Merryn's Blog

How being elderly and offline can cost you a fortune

The financial industry doesn't have a great record when it comes to treating the over 65s with some respect. That isn't changing.

The new Which? magazine has a long piece this week on the financial consequences of not being online. It makes for irritating reading particularly for older people, six million of whom have never used the internet.

If you bank in branch, very few of the best market deals are available to you. Just one of the 20 highest paying instant access accounts on the market allows you to use it via a branch rather than via the internet.

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Worse, that one is with Santander, the bank that sits at the bottom of Which?'s satisfaction table for savings accounts.

There's more: with branches closing all the time, many elderly people struggle to find anywhere to bank. According to the Campaign for Community Banking, there are now 1,000 communities with no local bank at all, and another 1,000 which are stuck with just one whether they like it or not. Given that only 35% of the over 75s are happy to use ATMs in the street, that makes life pretty difficult for a good many of them. You might say thatit is what it is. Branches are expensive and why should the young subsidise the old more than they do already?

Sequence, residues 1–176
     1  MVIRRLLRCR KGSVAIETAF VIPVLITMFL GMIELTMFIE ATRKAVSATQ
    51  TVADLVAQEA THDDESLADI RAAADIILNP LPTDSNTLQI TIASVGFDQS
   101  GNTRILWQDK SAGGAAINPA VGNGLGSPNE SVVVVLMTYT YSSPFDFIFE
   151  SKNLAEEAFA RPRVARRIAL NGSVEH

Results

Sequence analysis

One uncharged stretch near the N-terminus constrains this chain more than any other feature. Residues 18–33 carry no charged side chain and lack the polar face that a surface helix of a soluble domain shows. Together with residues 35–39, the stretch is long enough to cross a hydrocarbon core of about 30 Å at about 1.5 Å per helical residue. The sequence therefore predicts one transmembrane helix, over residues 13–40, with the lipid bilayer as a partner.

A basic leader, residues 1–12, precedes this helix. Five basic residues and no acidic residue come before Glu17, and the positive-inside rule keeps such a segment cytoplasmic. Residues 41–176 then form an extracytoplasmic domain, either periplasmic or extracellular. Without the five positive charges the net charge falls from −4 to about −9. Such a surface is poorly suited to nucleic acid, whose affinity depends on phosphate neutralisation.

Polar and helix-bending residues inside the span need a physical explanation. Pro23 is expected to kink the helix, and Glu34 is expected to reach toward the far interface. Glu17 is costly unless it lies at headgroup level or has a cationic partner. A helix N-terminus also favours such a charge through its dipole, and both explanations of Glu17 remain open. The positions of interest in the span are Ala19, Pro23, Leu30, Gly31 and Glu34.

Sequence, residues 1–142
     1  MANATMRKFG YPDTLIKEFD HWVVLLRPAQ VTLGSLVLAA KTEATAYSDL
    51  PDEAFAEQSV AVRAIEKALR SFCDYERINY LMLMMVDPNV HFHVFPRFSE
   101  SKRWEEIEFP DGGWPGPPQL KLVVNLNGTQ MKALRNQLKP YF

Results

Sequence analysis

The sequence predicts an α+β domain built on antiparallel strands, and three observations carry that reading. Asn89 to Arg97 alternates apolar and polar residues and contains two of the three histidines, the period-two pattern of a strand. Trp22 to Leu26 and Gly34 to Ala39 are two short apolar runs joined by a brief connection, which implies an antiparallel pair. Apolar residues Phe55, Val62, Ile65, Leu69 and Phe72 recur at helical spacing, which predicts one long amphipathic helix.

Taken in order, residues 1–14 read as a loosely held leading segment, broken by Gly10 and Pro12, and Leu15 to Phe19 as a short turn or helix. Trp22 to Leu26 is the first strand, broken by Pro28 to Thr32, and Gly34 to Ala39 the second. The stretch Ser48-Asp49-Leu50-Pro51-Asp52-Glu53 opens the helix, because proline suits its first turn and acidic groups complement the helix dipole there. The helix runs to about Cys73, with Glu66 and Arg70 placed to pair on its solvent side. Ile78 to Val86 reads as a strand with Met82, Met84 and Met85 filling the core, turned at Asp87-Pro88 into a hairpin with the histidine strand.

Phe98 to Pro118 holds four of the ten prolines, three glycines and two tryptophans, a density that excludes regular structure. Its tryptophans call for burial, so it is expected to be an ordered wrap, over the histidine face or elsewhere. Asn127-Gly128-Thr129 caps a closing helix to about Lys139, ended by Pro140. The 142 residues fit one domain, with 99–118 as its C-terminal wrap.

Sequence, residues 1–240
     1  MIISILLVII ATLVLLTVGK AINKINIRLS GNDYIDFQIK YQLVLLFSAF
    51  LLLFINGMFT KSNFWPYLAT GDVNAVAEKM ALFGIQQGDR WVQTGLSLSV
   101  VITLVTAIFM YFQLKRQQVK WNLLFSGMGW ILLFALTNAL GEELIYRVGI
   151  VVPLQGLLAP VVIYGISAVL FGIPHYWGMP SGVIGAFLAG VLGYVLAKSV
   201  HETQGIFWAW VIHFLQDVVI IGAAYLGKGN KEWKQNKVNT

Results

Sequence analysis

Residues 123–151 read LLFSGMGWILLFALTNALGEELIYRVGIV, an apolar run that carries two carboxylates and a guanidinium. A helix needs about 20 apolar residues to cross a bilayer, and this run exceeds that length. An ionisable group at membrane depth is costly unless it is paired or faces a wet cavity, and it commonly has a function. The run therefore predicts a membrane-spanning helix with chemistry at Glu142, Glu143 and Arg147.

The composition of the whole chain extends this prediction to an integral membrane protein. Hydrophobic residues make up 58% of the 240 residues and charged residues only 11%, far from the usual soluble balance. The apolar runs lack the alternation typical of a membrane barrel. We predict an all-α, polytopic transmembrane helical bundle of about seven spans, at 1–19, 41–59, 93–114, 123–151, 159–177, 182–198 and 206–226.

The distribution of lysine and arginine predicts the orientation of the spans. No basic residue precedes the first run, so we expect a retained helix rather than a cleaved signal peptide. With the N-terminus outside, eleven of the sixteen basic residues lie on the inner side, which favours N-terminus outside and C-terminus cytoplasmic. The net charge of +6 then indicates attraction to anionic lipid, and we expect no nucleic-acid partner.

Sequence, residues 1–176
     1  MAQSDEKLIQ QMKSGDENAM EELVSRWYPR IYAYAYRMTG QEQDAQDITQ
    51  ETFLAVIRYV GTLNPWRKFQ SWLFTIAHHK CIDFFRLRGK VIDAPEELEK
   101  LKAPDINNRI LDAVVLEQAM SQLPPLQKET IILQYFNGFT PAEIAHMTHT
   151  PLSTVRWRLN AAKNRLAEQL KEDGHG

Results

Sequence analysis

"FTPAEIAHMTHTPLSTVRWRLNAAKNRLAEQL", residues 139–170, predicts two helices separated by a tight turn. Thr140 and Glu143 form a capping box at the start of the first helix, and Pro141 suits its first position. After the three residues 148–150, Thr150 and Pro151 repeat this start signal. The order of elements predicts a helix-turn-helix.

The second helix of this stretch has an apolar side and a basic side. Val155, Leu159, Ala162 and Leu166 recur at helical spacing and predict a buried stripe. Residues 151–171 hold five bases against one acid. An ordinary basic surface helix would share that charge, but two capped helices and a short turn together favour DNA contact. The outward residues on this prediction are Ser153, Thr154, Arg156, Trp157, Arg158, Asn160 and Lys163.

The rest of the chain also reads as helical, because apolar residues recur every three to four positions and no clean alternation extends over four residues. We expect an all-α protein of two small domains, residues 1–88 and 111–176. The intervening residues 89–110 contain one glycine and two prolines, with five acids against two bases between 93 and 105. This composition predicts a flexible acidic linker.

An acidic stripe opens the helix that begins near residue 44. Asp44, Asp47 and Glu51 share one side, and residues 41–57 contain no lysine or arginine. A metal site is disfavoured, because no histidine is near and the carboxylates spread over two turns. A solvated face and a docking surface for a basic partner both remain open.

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However, this isn't the only area where the elderly suffer: they also get charged premiums (£1-£2 a month) for having their bills delivered in the post- as they very often prefer to - rather than online; they sacrifice savings by not being able to compare prices online; and they lose out massively if they insist on paying their bills by cheque rather than direct debit.

This last one isn't necessarily related to being offline. But it is important simply because of the scale of the difference. On numbers from Which?, those who pay by cheque can end up paying anywhere from £60 to £185 extra a year for their energy (the worst offender here is Scottish Power). I went on the BBC last week to talk about this. I imagine they expected the general view to be that everyone should instantly change their payments to direct debit and bank the savings.

But it isn't so straightforward. Why? Control of your cashflow. If you pay by direct debit, you pay in advance and you pay the same amount each month be it winter or summer. This is fabulous for the energy company cashflows (which is why they encourage you to do it) but it isn't always that good for you. Not only will your account usually end up in credit (you are effectively lending money to your energy company) and your monthly payments rise with remarkable regularity, but if there is a dispute you won't find it easy to get a refund: in any argument about money, the person holding the money always has the upper hand.

That's why I still pay all my own bills with a cheque and why I completely understand why so many other people do. They are choosing between cost and security and going for the latter.



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